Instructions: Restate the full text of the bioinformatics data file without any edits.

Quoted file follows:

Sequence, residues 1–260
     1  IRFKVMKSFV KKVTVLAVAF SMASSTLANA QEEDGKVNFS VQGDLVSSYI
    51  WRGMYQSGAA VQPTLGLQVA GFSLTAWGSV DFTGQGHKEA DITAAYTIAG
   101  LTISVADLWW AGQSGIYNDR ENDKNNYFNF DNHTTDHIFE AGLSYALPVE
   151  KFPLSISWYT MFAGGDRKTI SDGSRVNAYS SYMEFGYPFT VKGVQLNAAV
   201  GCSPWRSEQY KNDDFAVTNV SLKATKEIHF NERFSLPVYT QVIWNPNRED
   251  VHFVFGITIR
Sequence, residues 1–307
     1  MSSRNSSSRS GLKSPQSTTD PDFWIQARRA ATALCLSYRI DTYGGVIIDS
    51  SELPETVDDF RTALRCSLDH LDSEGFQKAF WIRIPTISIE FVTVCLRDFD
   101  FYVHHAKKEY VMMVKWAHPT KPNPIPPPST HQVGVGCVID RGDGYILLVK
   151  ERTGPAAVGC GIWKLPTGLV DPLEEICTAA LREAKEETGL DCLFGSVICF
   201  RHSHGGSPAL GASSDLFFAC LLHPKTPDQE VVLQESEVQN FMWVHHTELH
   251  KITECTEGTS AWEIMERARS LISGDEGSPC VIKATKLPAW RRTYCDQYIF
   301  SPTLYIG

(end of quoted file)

Sequence, residues 1–260
     1  IRFKVMKSFV KKVTVLAVAF SMASSTLANA QEEDGKVNFS VQGDLVSSYI
    51  WRGMYQSGAA VQPTLGLQVA GFSLTAWGSV DFTGQGHKEA DITAAYTIAG
   101  LTISVADLWW AGQSGIYNDR ENDKNNYFNF DNHTTDHIFE AGLSYALPVE
   151  KFPLSISWYT MFAGGDRKTI SDGSRVNAYS SYMEFGYPFT VKGVQLNAAV
   201  GCSPWRSEQY KNDDFAVTNV SLKATKEIHF NERFSLPVYT QVIWNPNRED
   251  VHFVFGITIR
Sequence, residues 1–307
     1  MSSRNSSSRS GLKSPQSTTD PDFWIQARRA ATALCLSYRI DTYGGVIIDS
    51  SELPETVDDF RTALRCSLDH LDSEGFQKAF WIRIPTISIE FVTVCLRDFD
   101  FYVHHAKKEY VMMVKWAHPT KPNPIPPPST HQVGVGCVID RGDGYILLVK
   151  ERTGPAAVGC GIWKLPTGLV DPLEEICTAA LREAKEETGL DCLFGSVICF
   201  RHSHGGSPAL GASSDLFFAC LLHPKTPDQE VVLQESEVQN FMWVHHTELH
   251  KITECTEGTS AWEIMERARS LISGDEGSPC VIKATKLPAW RRTYCDQYIF
   301  SPTLYIG